Multi-tenant management for Microsoft 365, and other thingsAlex Fields
IT service providers are constantly looking for more efficiency, and better ways to manage their customers’ hardware and software assets. In the Microsoft realm, we finally have Microsoft 365 Lighthouse, which is now in public preview. Some of my MSP customers have raised question marks around its current feature set and long-term development. I think it is off to a great start, and personally I am very optimistic about the future of this product. But that doesn’t mean that it will meet all of your needs on day 1.
What it will do is give you a centralized view across customer tenants, users, and devices, as well as some shortcuts to several common tasks such as resetting a user’s password or reviewing threat information from Microsoft Defender and executing antivirus scans on devices. Then there is Baselines, which are standard templates for controlling critical security policies such as MFA, device enrollment, and device compliance.
Like I said, it is a really good start in my opinion, but partners often want more.
Patience! But also, did you know?
The truth is that today, we rely on several different tools and portals to get our jobs done, and I think that is probably nothing new for most MSP’s. Remember when we thought our PSA, or RMM would be the tool that solved all our problems? I don’t know that we can ever get down to just one pane of glass. But what can we do right now, beyond just the Lighthouse tool? Here are I want to go over a few considerations for Microsoft partners that can be important depending on what all you are including in your services agreements. That is, what have you actually agreed to monitor and support? This also helps to illustrate some of the opportunities if you aren’t already aware of them.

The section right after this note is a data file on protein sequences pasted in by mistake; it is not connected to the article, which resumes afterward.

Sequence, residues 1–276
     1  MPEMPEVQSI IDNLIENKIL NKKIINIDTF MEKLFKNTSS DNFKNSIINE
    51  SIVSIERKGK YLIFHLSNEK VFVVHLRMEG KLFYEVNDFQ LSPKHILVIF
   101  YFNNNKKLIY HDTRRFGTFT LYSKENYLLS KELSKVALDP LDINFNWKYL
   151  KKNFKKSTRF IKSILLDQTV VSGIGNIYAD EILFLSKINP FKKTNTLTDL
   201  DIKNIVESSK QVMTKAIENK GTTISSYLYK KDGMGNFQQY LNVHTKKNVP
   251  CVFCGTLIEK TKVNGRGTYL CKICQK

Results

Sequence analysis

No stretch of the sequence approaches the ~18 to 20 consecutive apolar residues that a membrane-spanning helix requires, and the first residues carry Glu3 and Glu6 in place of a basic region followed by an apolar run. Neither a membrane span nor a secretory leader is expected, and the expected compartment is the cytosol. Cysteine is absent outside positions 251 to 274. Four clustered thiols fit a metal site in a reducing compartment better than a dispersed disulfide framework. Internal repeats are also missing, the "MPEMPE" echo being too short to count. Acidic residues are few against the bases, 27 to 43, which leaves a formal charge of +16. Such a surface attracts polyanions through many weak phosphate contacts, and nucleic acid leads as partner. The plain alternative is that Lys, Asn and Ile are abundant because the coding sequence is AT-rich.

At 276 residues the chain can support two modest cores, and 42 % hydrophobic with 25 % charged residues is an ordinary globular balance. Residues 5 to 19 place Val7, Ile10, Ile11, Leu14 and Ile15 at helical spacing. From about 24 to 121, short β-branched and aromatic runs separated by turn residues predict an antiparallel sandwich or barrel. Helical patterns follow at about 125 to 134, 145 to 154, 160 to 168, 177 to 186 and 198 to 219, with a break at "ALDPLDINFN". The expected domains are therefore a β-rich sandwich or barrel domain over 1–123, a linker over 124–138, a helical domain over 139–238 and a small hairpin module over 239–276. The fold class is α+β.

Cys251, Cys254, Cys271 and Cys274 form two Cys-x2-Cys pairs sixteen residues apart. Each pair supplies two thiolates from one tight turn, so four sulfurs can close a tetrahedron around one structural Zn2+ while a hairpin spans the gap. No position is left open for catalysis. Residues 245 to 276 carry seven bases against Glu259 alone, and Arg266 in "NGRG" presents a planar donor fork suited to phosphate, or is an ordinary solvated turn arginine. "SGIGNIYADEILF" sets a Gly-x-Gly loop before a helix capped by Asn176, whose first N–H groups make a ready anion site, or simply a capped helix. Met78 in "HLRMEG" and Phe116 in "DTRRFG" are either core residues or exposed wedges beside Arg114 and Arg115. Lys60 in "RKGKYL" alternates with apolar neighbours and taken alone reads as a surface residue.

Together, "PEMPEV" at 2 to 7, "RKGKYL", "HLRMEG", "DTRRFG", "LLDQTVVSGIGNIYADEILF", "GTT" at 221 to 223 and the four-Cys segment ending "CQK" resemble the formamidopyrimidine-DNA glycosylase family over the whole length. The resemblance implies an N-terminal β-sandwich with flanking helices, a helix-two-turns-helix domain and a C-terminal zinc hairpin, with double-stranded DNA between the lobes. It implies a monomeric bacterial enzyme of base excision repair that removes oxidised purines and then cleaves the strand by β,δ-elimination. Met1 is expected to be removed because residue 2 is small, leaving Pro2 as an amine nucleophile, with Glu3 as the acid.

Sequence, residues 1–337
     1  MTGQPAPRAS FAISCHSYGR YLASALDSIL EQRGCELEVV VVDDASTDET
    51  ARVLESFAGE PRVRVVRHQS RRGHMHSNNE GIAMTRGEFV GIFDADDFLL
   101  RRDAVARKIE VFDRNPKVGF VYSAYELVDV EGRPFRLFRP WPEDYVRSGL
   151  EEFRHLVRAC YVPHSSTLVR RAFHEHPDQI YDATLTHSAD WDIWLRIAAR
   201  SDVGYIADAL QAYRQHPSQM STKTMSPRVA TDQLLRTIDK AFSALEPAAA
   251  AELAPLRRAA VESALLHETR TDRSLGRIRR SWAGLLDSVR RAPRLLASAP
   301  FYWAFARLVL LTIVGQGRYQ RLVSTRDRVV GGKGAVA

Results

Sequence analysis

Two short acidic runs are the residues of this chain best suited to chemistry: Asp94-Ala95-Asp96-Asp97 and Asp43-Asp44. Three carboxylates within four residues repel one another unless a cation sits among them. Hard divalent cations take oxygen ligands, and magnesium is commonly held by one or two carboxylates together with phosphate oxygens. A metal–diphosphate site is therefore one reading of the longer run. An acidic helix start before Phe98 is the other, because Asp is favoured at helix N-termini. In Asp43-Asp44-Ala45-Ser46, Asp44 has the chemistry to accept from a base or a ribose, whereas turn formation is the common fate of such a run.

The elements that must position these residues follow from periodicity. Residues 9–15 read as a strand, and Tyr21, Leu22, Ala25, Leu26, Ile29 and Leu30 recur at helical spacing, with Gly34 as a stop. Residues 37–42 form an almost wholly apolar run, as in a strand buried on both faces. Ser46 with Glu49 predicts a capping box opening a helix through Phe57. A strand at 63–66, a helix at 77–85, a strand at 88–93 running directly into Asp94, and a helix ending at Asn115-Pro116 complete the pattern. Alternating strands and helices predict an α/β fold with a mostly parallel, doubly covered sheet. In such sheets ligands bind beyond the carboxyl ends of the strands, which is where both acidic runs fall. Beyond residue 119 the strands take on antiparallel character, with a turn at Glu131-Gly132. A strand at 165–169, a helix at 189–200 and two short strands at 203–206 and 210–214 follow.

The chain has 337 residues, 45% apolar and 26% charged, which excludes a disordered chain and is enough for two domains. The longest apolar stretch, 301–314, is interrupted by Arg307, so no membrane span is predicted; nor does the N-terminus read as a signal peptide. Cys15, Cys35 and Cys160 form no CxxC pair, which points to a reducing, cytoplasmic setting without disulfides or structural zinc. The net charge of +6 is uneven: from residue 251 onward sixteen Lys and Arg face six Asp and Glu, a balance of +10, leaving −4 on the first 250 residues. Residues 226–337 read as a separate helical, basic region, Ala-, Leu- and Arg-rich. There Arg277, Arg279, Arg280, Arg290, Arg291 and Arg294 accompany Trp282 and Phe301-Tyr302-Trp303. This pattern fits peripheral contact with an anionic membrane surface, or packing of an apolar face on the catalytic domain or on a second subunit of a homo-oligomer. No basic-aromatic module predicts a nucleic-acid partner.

Alerts from the Security Center
When you on-board new tenants you absolutely must enable the Unified audit log and the default Alert policies in the Security/Compliance Center(s). I also recommend installing a few custom alert policies to monitor for potential Azure AD incidents, such as app consent abuse.
Alerts can be configured to send email to an external address such as “[email protected]” or similar. So far these alert policies are not visible/accessible in Microsoft 365 Lighthouse, so you have to get into each tenant individually; make it part of your on-boarding checklist! It is also not a bad idea to audit this quarterly or at least semi-annually with a “tenant maintenance visit.”
Side-note: There may be third-party tools out there that help you monitor these things. But I hope to see them added to Lighthouse someday!
Microsoft Cloud App Security
If you are managing customers with E5 or the MCAS add-on, then you have additional alerts, and those email notifications must also be configured separately. The neat thing about these more “advanced” alerts is that you can customize the “from” address so that it appears to come from your customer’s domain. This is helpful for MSP’s who want to use their ticketing system to automatically associate the ticket to the correct organization.